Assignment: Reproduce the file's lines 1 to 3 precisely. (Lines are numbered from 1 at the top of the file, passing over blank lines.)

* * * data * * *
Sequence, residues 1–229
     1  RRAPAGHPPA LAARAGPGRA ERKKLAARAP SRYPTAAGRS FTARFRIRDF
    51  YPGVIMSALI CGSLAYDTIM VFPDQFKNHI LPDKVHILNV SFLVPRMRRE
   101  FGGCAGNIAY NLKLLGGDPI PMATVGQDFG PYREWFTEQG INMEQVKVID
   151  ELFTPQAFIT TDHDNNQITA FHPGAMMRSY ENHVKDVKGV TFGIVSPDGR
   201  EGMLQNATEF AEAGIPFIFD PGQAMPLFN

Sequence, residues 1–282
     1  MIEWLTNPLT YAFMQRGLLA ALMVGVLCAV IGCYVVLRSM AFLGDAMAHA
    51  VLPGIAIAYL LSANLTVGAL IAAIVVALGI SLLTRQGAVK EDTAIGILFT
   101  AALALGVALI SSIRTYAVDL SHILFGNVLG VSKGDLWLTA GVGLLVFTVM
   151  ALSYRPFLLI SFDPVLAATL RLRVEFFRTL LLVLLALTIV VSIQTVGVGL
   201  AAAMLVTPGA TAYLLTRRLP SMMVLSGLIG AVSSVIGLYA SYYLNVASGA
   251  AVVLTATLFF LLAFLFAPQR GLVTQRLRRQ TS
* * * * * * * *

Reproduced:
Sequence, residues 1–229
     1  RRAPAGHPPA LAARAGPGRA ERKKLAARAP SRYPTAAGRS FTARFRIRDF
    51  YPGVIMSALI CGSLAYDTIM VFPDQFKNHI LPDKVHILNV SFLVPRMRRE